TANZANIA SCHOOL LOSES BID TO BE SPARED 4BN TAX.

THE Court of Appeal has dismissed with costs the appeal challenging payments of over 4bn/- tax to the Tanzania Revenue Authority (TRA) that had been lodged by a local company that manages the affairs of the School of St Jude School.

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A panel led by Chief Justice Ibrahim Juma and Justices Augustine Mwarija and Richard Mziray ruled against the academic institution after holding that all grounds of appeal presented to fault the findings of the Tax Revenue Appeals Board and that of the Tax Revenue Appeals Tribunal lacked merits.

In the appeal, the main contention was that the appellant company was; not carrying out its business derive profit and was; a company limited registered by guarantee; not having a share capital and provides free education; to 96 per cent of the enrolled students through donations and sponsorships.

However, the justices of the appeals court agreed with the tribunal’s findings; that free education provided by the appellant was; paid by third parties and so the surplus shown in his bank statement was; a profit derived from business.

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“The same is therefore chargeable to tax. In the final analysis, we do not find merit in the appeal. The same is hereby dismissed with costs,” they declared in their judgment delivered in Dodoma recently.

Facts leading to the appeal show that on August 23, 2012, the Commissioner General of TRA, as respondent, issued to the appellant two notices for income tax assessment 1,991,672,238/90 and 2,251,655,919/90 derived from surplus of expenditure for years 2009 and 2010, respectively.

The appellant objected to the assessment through two letters on the grounds that the company was not doing business or conducting either investment or employment and did not therefore have any income chargeable to tax.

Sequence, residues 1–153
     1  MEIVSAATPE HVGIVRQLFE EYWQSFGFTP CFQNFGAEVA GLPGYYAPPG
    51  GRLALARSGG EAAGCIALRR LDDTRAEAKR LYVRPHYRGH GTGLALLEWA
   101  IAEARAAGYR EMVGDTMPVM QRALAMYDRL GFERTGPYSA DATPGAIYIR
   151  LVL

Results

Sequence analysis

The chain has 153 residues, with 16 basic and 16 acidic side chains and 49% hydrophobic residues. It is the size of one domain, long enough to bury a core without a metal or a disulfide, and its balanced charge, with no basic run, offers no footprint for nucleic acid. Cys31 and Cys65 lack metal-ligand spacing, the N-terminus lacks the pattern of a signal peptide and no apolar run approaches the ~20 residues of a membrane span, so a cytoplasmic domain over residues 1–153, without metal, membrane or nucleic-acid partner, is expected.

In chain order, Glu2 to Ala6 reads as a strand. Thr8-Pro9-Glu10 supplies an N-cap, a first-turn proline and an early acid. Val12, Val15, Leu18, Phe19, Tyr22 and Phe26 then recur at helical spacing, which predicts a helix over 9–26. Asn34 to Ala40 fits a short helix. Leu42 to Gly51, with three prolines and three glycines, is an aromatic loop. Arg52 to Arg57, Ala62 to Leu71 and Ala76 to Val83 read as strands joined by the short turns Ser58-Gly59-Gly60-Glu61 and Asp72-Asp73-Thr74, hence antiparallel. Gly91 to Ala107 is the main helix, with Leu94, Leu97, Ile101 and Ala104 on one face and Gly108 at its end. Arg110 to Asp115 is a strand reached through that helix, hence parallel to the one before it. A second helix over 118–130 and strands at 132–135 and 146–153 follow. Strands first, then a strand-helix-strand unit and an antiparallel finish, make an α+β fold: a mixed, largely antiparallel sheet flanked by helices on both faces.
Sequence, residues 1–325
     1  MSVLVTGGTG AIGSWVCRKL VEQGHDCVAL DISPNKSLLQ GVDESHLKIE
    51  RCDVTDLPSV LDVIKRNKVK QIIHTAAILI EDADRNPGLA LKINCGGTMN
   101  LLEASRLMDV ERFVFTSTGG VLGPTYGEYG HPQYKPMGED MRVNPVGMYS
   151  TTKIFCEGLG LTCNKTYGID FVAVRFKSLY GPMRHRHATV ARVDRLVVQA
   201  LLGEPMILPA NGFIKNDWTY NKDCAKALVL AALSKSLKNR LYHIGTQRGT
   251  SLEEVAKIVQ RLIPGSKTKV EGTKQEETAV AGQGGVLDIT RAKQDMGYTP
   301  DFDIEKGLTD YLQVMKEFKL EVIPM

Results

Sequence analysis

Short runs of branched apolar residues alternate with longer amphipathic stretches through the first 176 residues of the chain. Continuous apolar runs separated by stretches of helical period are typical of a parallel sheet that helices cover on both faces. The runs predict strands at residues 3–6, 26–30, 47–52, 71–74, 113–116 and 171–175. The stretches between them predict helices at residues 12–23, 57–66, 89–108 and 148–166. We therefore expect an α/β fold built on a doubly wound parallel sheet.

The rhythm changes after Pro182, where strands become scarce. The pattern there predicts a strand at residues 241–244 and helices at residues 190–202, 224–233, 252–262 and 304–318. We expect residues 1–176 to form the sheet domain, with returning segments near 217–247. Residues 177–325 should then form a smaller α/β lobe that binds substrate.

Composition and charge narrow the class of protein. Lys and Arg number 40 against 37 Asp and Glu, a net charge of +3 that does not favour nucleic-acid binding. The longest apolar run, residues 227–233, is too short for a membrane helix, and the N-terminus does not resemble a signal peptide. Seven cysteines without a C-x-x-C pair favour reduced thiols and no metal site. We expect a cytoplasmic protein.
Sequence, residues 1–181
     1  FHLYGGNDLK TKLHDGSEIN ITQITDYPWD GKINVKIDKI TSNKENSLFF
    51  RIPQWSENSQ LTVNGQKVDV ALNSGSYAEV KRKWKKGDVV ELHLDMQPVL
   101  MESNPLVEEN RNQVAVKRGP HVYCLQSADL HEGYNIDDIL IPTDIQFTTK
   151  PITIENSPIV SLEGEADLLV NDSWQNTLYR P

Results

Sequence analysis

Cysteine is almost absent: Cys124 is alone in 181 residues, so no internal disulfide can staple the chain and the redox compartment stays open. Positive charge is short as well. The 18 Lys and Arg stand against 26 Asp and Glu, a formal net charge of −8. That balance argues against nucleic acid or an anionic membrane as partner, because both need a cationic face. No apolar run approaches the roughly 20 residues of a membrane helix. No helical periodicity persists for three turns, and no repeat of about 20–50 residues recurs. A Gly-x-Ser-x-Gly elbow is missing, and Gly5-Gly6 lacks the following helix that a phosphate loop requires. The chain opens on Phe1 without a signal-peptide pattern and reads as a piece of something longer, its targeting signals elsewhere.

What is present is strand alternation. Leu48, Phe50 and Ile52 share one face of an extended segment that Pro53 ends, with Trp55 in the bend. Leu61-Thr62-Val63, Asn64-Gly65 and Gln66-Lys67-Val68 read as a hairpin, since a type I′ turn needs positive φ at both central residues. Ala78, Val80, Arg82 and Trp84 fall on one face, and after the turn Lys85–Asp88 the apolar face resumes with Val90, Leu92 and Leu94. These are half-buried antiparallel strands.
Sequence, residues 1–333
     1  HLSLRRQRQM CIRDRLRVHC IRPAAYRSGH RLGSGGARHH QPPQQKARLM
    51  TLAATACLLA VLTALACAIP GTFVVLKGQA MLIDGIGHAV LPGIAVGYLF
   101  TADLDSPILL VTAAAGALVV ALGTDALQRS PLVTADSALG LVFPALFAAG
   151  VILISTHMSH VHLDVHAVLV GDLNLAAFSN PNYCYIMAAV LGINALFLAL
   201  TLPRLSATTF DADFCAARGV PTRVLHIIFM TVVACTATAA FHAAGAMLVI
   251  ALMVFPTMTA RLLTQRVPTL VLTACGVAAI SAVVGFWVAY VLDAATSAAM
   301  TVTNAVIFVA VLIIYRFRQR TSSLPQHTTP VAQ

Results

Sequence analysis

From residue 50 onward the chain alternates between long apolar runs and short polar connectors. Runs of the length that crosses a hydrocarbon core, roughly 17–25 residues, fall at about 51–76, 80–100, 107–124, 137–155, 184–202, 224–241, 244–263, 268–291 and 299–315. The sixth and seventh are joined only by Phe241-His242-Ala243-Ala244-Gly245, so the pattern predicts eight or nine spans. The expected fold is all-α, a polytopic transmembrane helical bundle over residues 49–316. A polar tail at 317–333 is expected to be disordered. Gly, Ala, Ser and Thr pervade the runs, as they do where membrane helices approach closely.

In his response to the appellant’s letters, however, the respondent maintained that the appellant was doing business and, therefore, liable to the assessed tax. The appellant was further dissatisfied and on August 28, 2012 applied for the Commissioner’s ruling under Section 131 of the Income Tax.

The appellant claimed that his was a charitable organisation. In its ruling dated February 8, 2013, the respondent refused to give the sought ruling; and that the appellant had not met the requirements of Section 64 (8) of the Act so as to be; recognised as a charitable organisation for income tax purposes.

Having being dissatisfied by the decision; the appellant rushed to the Appeals Board for declaratory orders that; the notices of confirmation of assessments were; null and void on grounds that the respondent was; wrong in assessing him to pay corporate tax while he was not doing business.

The appeal was; resisted by the respondent, who maintained that the appellant was; doing business and therefore liable to pay the assessed tax. After hearing the appeal, the Board dismissed the same after holding that the appellant was not a charitable organisation.

The Board further held that since the appellant was earning school fees and because it was also generating surplus, he was not a nonprofit making organisation and thus liable to pay tax assessed. After dismissing the appeal, the appellant decided to cross over to the Court of Appeal.

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